Goats drinking water at an Oxfam-funded borehole in Dilmanyale Village, South Wajir District, in northern Kenya; many people move to the village because of this water source, but once the animals have finished drinking they must walk over 10 km to get to pasture (photo on Flickr by Anna Ridout/ Oxfam International).
Andrew Harding, the BBC’s Africa correspondent, has a list of the ‘top 10 culprits’ of the Horn of Africa crisis, and says what many are saying about its main causes, which include neglect of pastoral drylands in the face of more people and fewer resources.
[I]f the world put as much effort into long-term programmes to build resilience in communities, as it is now doing to feed the hungry, this famine would never have happened.’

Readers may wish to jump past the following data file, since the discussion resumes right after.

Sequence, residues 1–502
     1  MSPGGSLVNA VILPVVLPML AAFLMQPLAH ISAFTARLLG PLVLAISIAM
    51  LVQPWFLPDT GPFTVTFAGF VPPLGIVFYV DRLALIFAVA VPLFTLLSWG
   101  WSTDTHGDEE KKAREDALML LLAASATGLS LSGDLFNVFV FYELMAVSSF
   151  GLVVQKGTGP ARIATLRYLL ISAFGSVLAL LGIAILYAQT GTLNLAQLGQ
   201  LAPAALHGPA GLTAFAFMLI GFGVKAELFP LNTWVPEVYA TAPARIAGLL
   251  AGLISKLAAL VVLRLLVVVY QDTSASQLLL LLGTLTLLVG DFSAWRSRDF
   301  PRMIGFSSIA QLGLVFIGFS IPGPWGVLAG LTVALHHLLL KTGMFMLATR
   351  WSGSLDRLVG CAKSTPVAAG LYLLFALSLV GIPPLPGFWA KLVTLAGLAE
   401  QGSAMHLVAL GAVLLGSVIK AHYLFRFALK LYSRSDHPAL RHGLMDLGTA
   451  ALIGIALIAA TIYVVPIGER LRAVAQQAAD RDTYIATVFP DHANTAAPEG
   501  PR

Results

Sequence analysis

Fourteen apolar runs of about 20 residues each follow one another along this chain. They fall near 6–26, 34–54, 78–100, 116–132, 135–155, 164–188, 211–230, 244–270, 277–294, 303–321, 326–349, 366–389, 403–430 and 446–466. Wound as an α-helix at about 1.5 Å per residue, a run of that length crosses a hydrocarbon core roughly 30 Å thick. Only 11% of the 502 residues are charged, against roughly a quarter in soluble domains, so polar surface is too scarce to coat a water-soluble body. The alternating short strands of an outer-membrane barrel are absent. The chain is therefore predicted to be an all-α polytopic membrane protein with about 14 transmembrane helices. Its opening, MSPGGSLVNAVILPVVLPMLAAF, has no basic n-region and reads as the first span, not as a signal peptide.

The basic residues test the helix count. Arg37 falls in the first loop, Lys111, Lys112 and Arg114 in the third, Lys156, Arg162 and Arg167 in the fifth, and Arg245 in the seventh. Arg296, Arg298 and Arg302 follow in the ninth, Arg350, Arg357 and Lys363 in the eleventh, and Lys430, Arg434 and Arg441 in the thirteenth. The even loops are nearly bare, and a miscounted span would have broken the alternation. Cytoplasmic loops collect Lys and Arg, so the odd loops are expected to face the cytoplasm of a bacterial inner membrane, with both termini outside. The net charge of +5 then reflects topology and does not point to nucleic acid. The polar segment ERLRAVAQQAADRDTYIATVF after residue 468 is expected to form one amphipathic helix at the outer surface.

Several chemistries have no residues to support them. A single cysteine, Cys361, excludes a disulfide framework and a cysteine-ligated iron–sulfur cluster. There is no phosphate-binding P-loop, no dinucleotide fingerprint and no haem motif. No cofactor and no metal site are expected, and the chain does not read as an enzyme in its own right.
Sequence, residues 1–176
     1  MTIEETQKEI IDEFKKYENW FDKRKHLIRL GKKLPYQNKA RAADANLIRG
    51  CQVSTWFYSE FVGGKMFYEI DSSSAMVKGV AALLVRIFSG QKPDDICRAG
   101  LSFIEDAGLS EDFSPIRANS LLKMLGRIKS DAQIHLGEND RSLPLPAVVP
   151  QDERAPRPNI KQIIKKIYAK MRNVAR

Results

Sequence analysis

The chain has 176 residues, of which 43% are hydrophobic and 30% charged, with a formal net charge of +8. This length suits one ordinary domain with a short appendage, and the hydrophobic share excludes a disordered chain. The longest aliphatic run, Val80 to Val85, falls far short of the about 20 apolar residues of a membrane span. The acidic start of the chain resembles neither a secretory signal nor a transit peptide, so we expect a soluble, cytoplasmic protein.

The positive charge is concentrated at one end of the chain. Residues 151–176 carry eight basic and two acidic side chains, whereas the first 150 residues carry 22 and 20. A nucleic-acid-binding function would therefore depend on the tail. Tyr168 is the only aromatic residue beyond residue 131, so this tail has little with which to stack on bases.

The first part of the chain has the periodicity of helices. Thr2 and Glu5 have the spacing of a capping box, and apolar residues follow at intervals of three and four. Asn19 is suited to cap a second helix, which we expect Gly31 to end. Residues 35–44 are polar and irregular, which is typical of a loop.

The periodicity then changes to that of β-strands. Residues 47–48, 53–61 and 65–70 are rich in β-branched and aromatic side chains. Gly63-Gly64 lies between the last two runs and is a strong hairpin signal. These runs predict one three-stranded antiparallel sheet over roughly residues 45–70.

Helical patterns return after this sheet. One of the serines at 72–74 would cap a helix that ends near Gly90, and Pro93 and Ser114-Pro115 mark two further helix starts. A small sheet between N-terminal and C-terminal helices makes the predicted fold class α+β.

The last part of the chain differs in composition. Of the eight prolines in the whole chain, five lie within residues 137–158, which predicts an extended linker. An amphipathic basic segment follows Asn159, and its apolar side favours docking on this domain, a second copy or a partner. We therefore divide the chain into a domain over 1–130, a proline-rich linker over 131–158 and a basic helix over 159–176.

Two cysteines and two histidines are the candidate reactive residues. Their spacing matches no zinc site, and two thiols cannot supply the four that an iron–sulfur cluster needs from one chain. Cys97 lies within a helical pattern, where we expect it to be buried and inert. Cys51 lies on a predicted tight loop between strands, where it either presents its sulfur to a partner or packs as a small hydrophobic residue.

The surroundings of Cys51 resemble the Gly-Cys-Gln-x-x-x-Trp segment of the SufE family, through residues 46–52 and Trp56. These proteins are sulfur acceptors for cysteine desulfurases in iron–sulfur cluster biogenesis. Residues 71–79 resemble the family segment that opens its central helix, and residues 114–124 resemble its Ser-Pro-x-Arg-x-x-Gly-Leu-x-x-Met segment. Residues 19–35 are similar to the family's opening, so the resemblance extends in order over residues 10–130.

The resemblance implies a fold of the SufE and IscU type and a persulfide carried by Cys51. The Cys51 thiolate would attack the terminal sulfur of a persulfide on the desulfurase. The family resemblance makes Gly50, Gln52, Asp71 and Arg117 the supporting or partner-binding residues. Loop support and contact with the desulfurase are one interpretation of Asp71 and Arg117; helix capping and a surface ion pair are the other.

‘Kenya’s government has woefully, scandalously underinvested in livestock support, education, and basic infrastructure in its most vulnerable communities. And when communities are properly helped, they can prepare for, and cope with, the toughest droughts. . . .
‘In areas of northern Kenya the population has reportedly doubled in the past decade. “Twice as many people, but the same number of livestock. This is unsustainable,” a UN agriculture expert told me.
Pastoralists are famously adaptable—they have to be to survive. But the pressures now facing them are overwhelming, and accelerated urbanisation looks inevitable.’
Read the whole article at BBC: ‘Top 10 culprits’ for Horn of Africa hunger, 26 Jul 2011.